Monday, July 5, 2010

If you’re banking on Gen Y for sales, hold on for a bumpy ride.

Ah, the good ol’ days. Not so long ago the local newspapers were chock full of splashy, full color ads for hundreds of brand spanking new real estate developments promising “The Active Lifestyle You’ve Always Dreamed Of.” Today you’re lucky if the Post has enough pages to line your birdcage.

Lately, though, real estate has begun to show signs of life. Although formerly active seniors are now firmly entrenched on cushy sofas with no intention of moving anytime soon, Generation Y has started to flutter around affordable new home communities looking for their first nest. Last year, this first-time homebuyer crowd accounted for almost 45 percent of new home purchases in South Florida. Cha ching!

Before you start looking to feather you own nest with the proceeds from Gen Y sales, you might want to do your homework to gain a good understanding of what motivates this up-and-coming consumer market. In a word, nothing.

One writer aptly described this generation of entitlement as “The ones who got a trophy for finishing ninth.” Taught that life is fair and that it’s better to receive than to give, Gen Y wants it all, but damned if they’ll raise a pinky to get it.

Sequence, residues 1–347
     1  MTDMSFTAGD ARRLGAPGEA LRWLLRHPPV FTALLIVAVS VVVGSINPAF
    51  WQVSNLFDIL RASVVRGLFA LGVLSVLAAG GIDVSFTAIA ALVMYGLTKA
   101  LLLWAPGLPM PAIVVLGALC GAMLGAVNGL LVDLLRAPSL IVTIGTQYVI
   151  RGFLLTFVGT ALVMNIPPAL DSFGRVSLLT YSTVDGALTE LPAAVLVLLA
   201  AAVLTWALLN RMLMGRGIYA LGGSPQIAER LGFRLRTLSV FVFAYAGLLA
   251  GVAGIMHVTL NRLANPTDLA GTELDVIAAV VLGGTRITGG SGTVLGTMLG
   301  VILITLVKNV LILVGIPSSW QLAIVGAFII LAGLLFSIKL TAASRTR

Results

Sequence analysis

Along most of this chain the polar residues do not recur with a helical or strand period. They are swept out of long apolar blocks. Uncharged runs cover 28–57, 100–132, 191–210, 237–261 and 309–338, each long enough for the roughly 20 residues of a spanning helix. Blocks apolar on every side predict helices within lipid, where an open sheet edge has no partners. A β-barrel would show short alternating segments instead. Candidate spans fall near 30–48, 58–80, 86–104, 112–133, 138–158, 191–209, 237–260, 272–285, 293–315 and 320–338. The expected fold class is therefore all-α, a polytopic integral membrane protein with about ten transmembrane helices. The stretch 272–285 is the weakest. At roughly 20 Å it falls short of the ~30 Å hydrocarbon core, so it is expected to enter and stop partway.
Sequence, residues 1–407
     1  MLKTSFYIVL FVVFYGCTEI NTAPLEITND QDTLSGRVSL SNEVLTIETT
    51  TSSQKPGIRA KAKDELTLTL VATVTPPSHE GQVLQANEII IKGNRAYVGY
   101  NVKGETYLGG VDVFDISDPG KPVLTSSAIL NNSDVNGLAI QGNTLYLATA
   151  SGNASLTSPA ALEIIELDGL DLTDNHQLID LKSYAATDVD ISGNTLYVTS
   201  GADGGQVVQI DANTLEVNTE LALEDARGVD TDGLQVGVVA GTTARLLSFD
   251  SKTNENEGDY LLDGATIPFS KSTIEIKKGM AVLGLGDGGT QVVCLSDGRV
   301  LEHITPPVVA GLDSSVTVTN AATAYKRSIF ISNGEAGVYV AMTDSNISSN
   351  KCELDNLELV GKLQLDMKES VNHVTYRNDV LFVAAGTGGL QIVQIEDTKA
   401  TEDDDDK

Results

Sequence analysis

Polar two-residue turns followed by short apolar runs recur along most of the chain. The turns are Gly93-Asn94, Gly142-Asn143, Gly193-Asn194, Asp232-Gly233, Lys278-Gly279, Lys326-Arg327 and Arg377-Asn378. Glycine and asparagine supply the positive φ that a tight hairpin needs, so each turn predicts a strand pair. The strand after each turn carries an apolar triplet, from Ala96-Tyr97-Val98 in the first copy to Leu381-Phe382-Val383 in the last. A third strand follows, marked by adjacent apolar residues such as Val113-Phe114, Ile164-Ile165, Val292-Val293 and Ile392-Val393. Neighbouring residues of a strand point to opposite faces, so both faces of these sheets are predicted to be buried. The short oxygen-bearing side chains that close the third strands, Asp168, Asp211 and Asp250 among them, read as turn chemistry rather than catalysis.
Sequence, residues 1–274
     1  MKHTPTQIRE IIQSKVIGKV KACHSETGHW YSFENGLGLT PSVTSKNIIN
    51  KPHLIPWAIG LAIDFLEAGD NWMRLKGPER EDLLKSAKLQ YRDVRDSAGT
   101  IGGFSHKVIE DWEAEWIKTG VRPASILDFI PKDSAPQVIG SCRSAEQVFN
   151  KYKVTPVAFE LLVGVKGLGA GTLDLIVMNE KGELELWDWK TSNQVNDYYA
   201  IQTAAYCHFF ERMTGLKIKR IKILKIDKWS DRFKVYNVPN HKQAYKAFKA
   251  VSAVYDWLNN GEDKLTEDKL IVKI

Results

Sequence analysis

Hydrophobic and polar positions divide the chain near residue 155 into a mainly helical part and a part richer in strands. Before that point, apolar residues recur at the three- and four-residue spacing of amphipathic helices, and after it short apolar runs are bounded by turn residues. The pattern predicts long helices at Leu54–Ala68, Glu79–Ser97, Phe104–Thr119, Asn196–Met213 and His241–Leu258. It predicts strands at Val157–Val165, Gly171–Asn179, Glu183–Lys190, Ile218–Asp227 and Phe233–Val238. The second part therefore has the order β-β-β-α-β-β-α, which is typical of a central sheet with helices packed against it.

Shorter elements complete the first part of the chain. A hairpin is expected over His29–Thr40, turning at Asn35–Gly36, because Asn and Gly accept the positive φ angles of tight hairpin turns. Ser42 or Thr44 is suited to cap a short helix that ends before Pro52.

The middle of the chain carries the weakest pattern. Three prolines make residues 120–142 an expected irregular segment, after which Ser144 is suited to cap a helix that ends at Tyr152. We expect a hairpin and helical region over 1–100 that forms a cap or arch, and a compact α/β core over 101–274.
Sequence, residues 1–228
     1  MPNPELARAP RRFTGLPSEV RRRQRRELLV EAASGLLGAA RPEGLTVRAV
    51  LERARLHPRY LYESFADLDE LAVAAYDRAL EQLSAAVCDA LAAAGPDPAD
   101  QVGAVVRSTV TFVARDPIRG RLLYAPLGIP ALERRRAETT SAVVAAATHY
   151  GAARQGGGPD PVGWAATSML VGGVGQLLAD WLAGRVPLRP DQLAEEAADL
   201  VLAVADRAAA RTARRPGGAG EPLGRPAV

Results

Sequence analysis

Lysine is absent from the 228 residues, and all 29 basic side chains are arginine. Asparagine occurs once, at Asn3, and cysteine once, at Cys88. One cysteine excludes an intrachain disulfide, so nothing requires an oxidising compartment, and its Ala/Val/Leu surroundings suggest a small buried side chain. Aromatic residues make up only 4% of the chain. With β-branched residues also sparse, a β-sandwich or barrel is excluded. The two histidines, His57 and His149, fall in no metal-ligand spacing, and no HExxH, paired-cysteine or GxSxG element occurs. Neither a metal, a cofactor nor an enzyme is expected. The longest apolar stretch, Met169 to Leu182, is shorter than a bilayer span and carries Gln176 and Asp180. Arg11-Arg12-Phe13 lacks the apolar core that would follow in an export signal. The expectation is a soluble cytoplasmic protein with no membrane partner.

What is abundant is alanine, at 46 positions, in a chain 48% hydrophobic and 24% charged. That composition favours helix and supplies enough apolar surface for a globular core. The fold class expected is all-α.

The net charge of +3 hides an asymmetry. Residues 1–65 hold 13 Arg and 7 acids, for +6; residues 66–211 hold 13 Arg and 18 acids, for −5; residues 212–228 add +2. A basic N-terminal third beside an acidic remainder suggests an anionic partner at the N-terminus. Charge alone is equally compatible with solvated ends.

Companies looking to entice the Gen Y customer will need to sell sizzle because Gen Y doesn’t much care about the steak. Gen Y craves status and they are early adopters of the newest, hottest products and services. If they think what you're selling will make them more popular, they’re buying.

The most important thing to Gen Y is leisure. Work is merely a means to collect a paycheck that can be spent for their enjoyment and pleasure. Gen Y cares little for advancement in their career although they expect high salaries for the least amount of work possible. They are not interested in contributing to the goodwill of society so if you want them to support your cause, there better be something in it for them.

If you can successfully tap into the “I want, I want, I want” Gen Y mentality, these youngsters have money to burn. Pampered by mom and dad, they are often debt-free and still enjoy a parental line of credit. Makes you wish you’d been born in the 80’s, huh?